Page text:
MY HOME IS A CASTLE--the tale of how and why I became a chatelain , four times .This is my present home. If you are visiting for the first time you may care to read the older posts first.

Tuesday, April 21, 2009


Our short break at the end of our first season , mid september, was drawing close ( thank goodness) and we set about tying up all loose ends before we set off!

Isabelle ( our girl groom) was happy to work shorter hours during the Winter which was essential as there were six horses to exercise, groom and muck out! I mucked out with her nearly every day, and I actually enjoyed it and found it quite theraputic, especially laying down all that sweet smelling hay . Trouble with horses though, the first thing they do when they enter a clean stable is to ' mark their territory ' , and then roll, thus scattering the hay everywhere!!!!


Victoria, my daughter was going to be in charge of the telephone ( for future bookings), her boyfriend would be in charge of the pool and grounds, and Archie our faithful friend would look after the general running of the Chateau and odd jobs. All three would keep an eye on Mum. Jacqueline , our cleaner would return to just a couple of hours a day during the Winter as all the apartments were closed down for the season end.

So with bags packed into our car we headed off to the south of France , one of our favourite destinations. We had nothing booked, just decided to go B&B or small hotels. Our longer holiday, planned for late October would be in the Camping Car.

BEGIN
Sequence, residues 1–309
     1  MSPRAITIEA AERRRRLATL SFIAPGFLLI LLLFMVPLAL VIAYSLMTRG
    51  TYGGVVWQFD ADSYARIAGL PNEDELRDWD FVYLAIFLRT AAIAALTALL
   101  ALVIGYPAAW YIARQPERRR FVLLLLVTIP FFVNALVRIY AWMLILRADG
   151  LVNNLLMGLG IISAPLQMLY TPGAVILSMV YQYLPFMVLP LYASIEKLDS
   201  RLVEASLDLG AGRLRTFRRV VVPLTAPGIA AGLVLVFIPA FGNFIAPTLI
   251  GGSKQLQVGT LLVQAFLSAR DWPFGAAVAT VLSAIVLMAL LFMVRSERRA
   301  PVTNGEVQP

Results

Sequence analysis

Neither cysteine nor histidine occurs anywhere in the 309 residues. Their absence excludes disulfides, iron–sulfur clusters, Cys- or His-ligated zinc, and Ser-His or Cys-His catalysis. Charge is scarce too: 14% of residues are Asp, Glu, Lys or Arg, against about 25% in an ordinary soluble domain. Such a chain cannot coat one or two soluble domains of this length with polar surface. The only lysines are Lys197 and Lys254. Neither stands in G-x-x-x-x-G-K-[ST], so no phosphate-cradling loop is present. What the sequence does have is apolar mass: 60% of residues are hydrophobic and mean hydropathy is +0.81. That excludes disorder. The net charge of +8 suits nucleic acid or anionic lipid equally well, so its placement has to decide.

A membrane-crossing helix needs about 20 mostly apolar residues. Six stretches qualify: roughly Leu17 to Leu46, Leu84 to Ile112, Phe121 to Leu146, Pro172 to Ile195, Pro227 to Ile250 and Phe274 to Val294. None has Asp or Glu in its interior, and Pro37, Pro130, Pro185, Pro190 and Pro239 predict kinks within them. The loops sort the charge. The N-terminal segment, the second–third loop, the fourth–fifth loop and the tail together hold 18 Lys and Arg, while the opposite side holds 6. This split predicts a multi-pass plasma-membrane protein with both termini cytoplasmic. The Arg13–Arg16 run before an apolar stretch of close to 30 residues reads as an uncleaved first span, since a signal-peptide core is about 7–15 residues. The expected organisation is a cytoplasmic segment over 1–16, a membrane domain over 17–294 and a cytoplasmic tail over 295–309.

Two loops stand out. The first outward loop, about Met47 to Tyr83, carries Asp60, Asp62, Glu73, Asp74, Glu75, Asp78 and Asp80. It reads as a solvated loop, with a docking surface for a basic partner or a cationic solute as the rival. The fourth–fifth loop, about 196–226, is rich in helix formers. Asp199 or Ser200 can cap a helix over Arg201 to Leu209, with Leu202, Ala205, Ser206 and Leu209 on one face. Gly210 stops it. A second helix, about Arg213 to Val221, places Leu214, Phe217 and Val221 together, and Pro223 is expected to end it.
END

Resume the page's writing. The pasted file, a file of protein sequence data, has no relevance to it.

I remember the weather being very warm and gentle down at Narbonne Plage which is where
we decided to bed down in a little hotel overlooking the beach.

Alex relaxing in the hotel-- dig those crazy tracksuit bottoms!

We used to go camping there many times when the children were young, so the visit was quite nostalgic; As usual it took quite a few days to finally unwind, and we spent those days re-visiting old haunts including the "ABBAYE DE FONTFROIDE" which was beautiful....

...... as you see!

Time passed quickly and we were anxious to get back home again to see if everybody had coped well without any problems; Little did we know that we were to experience a problem which was about to shape our future lives together.

We packed our bags and set off on the long drive up the motorway heading towards Bordeaux and then the Loire Valley. We always took it in turns to drive, at least, my joking husband always said that he did 60% and I did 40% ! I was at the wheel whilst Alex was fast asleep beside me when we approached one of the large ' peages' - toll booths. I nudged Alex awake to find the necessary payment as we always do; I knew something major was wrong when he did not respond in his normal manner! He stared at me as if I were a stranger and did not know where he was or what we were doing! At first I thought he was joking or had been having a bad dream, but I soon realised it was real. He began to wander off in his mind and I knew I had to get home as quickly as possible! I cannot begin to describe the terror I /we , were both feeling . Alex had no memory of where had been or what we had been doing, he was unsure of everything.